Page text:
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Late last year hubby and I were invited to a blind dinner at the Boulder Blind Cafe. What’s a blind dinner? It’s a meal served by blind waiters and consumed entirely in the dark. This particular event also included a concert, so we would eat dinner and then be entertained, all while temporarily blind. Although I was a bit leery about the whole thing, I am newly born adventure-seeker so I had to say yes.

We arrived at the location in Boulder with our friends and found it was packed. The dinner was sold out. Who knew that eating in the dark was so popular? We had no idea what to expect. As we waited, we joked nervously about why we had bothered to get dressed up when we were just going to be in the dark and laughed that at least it wouldn’t matter if we spilled our entire meals on our clothes because no one would know.

They put us into small groups by table seating. When it was our turn, our blind guide and waiter, Rick, had us line up single file and place our right hands on the right shoulder of the person in front of us. He told us to hold on because he didn’t want to lose any of us along the way to the table. He was serious.

As we started to file in like baby ducks, I kept comforting myself with the notion that there was no way the room could be completely pitch black and certainly by the time my eyes adjusted to the darkness I would be able to see something. That was not the case. I held my hand up in front of my face and could not see it. I could not see my husband or my friend Heather seated on either side of me. I have never experienced that level of darkness before. It was slightly unnerving. And even though I didn’t need them, I couldn’t seem to close my eyes and give in to the utter blackness.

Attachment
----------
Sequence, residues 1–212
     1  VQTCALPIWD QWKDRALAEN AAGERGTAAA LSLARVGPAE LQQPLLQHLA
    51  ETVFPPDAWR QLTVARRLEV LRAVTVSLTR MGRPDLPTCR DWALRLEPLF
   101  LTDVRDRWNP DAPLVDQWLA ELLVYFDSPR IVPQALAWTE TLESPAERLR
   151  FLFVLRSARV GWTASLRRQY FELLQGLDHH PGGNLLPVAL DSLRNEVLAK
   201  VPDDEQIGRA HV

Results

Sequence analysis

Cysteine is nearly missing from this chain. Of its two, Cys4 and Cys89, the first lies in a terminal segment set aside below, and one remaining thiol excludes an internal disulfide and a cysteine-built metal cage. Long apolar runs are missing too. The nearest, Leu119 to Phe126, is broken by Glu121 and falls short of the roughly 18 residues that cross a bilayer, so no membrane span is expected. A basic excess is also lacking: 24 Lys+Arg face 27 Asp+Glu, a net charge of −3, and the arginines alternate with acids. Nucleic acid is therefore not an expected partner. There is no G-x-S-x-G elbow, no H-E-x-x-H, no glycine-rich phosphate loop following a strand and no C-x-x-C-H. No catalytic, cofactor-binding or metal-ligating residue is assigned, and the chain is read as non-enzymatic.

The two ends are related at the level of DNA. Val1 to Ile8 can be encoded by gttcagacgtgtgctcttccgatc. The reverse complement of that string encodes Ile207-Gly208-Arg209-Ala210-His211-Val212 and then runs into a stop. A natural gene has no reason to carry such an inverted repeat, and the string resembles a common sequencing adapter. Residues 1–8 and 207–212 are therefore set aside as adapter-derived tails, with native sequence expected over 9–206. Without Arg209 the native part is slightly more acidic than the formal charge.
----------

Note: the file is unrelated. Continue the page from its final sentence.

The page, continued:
One thing I noticed nearly immediately was how loud the room was. I didn’t anticipate how losing my vision would suddenly magnify the attention I paid to sound. As we sat there trying to get our bearings in our new environment, it became clear that this meal was going to become a major team effort. They had served the meal family style, and all the food was on the table in front of us. We had to feel around to find our drinks (which contained straws I knew I would poke an eye out on eventually), our silverware, and our napkins. Then we had to figure out and agree upon how to pass the food so everyone could try some of the vegan, gluten-free meal. I did mention that this dinner was in Boulder, right?

The meal was challenging on multiple levels. You think birthing children is difficult? Try eating a quinoa salad with a fork when you can’t see your plate or the food on it. I had empty fork after empty fork reach my mouth. (I suspected we would be hitting a burger joint after this dinner was over.) When we did get food into our mouths, we found ourselves constantly guessing ingredients to convince ourselves that we weren’t eating something we would not normally consume. As if I needed further confusion, one of our good friends is a prankster, and he kept relocating my fork and drink just for giggles. Despite the struggles, the meal was good and we were having a great time.

When the concert started, I finally gave into the temptation to close my eyes. I snuggled up to my husband and enjoyed the music and contemplated the song lyrics. It was beautifully peaceful. Normally when I listen to music I am vigorously engaged in another activity (exercise, cleaning, driving my car). Hearing music without using any other senses was mesmerizing.

I relate my story about the blind dinner only to entice you to try something completely new and unique. Sometimes I find I get caught up on the idea of an adventure being something grand. But, life really is replete with small, relatively inexpensive experiences that are wonderful adventures. We all need to do a better job keeping an eye out for these little adventures so we don’t miss out on anything that is truly eye opening.

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